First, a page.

Robert Nemeth: “I’ve never posted on here before but it has been drawn to my attention that it may well be assumed that I am your cowardly friend. As I am neither cowardly nor your friend, I would very much like to distance myself from public attacks on colleagues. There is no real group of young Conservatives as such but, if there were and it did have a spokesman, that person would not be such a sneak. Hopefully it is nobody that I know. For the record, I am dead impressed by the Greens’ organisational skills. I doubt that they managed to get in such a position by sneaking around on blogs.”

Rob Buckley: “Your informer, whoever they may be, does not speak for the entire younger generation within the local Conservative Party. I know some of his/her assertions to be inaccurate. This highlights the problem with hiding cowardly behind anonymity.”

And finally, Momma Grizzly: “I entirely agree with Rob Buckwell. Whoever your ‘informant’ is should have the guts to come out from behind the veil of anonymity if they are to say such comments. They certainly do not speak for all of the younger Conservatives and I’m not impressed that this person who has chosen to remain anonymous has taken it upon themselves to say that they represent our views.”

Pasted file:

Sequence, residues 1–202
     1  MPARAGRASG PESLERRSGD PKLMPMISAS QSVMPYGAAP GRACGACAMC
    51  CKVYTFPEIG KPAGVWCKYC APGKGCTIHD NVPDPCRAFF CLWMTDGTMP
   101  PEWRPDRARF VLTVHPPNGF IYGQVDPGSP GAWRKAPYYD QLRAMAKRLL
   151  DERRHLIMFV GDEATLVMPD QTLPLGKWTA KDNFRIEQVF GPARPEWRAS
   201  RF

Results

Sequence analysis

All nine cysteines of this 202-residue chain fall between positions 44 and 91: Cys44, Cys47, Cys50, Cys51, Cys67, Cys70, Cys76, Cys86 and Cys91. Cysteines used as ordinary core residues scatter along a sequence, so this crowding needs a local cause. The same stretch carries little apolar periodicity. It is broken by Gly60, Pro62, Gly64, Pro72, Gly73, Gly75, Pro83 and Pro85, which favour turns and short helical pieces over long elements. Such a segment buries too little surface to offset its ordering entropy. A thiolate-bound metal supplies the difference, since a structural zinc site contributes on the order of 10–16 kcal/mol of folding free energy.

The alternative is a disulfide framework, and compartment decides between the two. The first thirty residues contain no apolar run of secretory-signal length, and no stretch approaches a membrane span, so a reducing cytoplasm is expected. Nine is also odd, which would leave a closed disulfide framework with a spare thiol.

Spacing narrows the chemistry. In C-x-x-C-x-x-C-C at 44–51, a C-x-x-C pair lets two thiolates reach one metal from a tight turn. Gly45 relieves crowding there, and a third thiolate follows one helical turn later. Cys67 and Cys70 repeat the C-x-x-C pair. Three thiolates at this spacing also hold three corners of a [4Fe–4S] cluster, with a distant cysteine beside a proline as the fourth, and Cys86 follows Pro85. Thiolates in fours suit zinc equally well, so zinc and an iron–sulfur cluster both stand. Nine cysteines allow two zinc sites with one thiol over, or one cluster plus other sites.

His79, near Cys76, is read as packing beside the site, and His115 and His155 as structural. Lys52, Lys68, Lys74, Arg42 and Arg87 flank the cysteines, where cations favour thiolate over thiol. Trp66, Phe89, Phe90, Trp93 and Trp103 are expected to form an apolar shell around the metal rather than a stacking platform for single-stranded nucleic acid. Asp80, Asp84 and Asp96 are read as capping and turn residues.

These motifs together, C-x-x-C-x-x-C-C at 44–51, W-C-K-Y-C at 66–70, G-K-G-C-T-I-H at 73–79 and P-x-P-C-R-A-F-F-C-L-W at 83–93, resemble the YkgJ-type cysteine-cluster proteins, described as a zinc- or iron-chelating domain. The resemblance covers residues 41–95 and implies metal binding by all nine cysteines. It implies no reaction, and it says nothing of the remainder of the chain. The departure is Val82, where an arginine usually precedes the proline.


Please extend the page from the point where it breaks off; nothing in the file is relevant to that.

Labour activists reacted with similar indignation when one of their numbers passed on views which were then passed on to this Blogger. Anonymity is something that you may have to get used to. But there are some fascinating insights that I won’t share, which is a shame. For example, today I received a great email from a Labour activist from Hove who asked me to keep his/her comments ‘off line’, a request which I will respect.

But do keep the comments coming, email to brightonpoliticsblogger@googlemail.com and indicate whether I can use them. Alternatively, Direct Message me through Twitter @BrightonPolitic, or simply leave a comment on this blog.